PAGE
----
Family Values Viewed Through Primetime Animation

20th Century Fox Television hosted a panel of creative minds behind three of its primetime animated television shows: Bob’s Burgers (Jim Dauterive), Family Guy (Steve Callaghan), and The Simpsons (Al Jean, David Silverman). The four discussed the inspirations behind their collective interest in animation (e.g., Hanna-Barbera), and what has contributed to the successes of all three shows (e.g., emphasizing family values no matter how funky, approaching the material like a traditional live action situational comedy, and tackling broad topical issues).

Awareness Reform: Engineering “Perception Shift”

This was a more serious panel about how to use culture to change perception on important political and social issues. Brad Jenkins, Managing Director and Executive Producer of Funny Or Die DC, discussed how Funny or Die helped shift the public perception on the Affordable Health Care Act (Obamacare) after its disastrous start, such as getting President Barack Obama to appear on Between Two Ferns with Zach Galifianakis that was credited with getting more young adults to enroll after watching that online episode. Bill Rausch, Executive Director at Got Your 6, discussed his post-military experience trying to volunteer and serve the public in a different capacity, which ultimately led to his job at Got Your 6 and advocating for veterans.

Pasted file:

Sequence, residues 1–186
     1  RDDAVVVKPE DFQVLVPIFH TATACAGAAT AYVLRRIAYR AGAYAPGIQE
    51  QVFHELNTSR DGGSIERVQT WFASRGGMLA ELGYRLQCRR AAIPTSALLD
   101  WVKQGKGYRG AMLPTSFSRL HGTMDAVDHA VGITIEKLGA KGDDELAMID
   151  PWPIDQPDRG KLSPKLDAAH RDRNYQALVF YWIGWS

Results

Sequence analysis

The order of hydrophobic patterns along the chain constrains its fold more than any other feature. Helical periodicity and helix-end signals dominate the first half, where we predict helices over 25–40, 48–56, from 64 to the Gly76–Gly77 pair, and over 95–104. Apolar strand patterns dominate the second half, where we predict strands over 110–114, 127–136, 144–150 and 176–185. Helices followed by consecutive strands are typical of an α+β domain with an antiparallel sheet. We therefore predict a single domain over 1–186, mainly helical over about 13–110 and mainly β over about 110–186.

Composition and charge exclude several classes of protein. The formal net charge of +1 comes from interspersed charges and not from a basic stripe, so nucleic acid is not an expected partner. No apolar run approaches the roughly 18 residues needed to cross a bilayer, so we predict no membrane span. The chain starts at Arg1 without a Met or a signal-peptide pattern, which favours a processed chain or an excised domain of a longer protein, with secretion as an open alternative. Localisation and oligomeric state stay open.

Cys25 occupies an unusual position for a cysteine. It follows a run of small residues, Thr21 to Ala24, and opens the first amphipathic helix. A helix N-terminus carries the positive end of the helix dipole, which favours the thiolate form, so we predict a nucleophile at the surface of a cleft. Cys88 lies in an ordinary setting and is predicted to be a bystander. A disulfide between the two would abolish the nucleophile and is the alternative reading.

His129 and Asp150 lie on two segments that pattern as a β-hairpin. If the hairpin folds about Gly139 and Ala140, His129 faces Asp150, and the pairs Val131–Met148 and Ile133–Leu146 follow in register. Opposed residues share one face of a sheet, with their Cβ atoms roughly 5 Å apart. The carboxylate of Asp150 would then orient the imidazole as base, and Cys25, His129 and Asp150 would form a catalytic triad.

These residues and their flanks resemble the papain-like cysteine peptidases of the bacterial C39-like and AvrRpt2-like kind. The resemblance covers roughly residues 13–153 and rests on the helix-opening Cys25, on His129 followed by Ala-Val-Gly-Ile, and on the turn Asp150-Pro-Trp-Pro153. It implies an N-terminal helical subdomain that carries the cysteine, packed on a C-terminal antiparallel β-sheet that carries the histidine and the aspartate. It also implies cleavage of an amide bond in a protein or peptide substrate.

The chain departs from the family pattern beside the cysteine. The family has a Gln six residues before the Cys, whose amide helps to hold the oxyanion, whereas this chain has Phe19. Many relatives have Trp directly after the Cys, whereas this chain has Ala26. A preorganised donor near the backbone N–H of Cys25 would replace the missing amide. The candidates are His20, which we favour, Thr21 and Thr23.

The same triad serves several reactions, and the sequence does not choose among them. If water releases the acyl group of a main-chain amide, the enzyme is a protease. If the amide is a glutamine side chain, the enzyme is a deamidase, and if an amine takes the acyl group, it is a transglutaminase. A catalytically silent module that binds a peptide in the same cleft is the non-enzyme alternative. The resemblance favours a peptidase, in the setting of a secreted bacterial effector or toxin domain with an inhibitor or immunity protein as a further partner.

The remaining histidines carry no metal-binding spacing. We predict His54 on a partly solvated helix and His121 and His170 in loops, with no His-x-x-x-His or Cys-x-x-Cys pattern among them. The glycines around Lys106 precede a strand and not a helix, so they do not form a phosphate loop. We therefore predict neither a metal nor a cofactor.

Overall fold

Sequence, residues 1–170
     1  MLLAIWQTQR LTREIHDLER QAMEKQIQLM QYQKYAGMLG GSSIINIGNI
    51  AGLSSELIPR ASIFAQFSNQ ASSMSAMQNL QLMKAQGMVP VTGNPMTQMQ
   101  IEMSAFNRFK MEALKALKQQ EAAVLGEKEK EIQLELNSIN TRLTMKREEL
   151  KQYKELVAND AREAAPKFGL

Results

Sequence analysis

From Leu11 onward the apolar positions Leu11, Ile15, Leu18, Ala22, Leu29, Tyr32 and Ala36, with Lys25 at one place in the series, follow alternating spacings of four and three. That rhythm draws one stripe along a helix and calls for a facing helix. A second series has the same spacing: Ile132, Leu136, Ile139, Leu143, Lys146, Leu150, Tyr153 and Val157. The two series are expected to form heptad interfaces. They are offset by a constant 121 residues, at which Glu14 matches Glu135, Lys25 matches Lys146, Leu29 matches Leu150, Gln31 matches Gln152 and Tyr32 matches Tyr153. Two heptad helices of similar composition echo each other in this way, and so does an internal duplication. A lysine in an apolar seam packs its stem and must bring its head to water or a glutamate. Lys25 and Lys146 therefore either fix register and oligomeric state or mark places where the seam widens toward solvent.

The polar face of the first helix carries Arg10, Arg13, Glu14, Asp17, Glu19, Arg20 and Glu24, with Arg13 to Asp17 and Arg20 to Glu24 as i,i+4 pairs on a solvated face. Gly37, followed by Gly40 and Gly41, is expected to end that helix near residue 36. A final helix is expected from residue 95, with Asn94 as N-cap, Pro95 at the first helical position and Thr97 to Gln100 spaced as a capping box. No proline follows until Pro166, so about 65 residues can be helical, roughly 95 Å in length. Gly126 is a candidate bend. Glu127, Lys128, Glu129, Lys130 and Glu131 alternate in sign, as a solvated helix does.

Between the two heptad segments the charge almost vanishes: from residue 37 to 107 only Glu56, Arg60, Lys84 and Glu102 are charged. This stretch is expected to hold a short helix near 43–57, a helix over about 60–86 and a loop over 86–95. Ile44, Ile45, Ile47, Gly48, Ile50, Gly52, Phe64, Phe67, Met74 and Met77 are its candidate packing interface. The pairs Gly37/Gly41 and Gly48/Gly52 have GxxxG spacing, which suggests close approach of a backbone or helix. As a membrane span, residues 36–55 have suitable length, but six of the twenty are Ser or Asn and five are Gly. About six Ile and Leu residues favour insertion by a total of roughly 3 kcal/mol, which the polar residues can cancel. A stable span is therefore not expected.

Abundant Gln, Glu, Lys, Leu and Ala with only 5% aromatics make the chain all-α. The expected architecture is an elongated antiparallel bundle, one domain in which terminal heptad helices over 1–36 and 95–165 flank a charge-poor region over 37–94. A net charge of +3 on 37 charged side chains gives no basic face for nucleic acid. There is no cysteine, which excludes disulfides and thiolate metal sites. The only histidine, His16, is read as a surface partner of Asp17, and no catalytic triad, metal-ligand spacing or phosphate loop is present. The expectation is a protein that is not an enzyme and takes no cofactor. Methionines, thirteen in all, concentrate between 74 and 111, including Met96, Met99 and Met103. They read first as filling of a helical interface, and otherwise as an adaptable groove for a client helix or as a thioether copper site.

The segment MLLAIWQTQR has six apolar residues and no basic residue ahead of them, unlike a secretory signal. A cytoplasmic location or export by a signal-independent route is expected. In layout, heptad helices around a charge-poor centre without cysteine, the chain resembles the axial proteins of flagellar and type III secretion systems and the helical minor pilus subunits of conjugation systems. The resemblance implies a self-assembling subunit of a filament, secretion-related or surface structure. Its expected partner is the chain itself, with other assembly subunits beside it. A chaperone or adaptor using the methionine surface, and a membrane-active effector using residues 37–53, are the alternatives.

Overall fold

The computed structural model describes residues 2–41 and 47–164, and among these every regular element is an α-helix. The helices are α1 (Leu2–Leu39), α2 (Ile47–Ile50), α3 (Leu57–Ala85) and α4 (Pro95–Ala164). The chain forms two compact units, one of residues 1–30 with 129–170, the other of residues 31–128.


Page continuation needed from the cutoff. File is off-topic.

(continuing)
Next, Jason Rzepka, director of cultural engagement at Everytown for Gun Safety, described the various outreach efforts his organization recently undertook in its mission to end gun violence, including a partnership with the National Basketball Association. And finally, Carri Twigg, Senior Vice President at DKC, went over a couple examples where the concept of identity is now being displayed with more modern accuracy, including a Campbell Soup commercial featuring a gay couple and their son.

Performances

Music waits for no one as performances, both official and unofficial, are scheduled throughout the entire SXSW festival all over town.

Moving Panoramas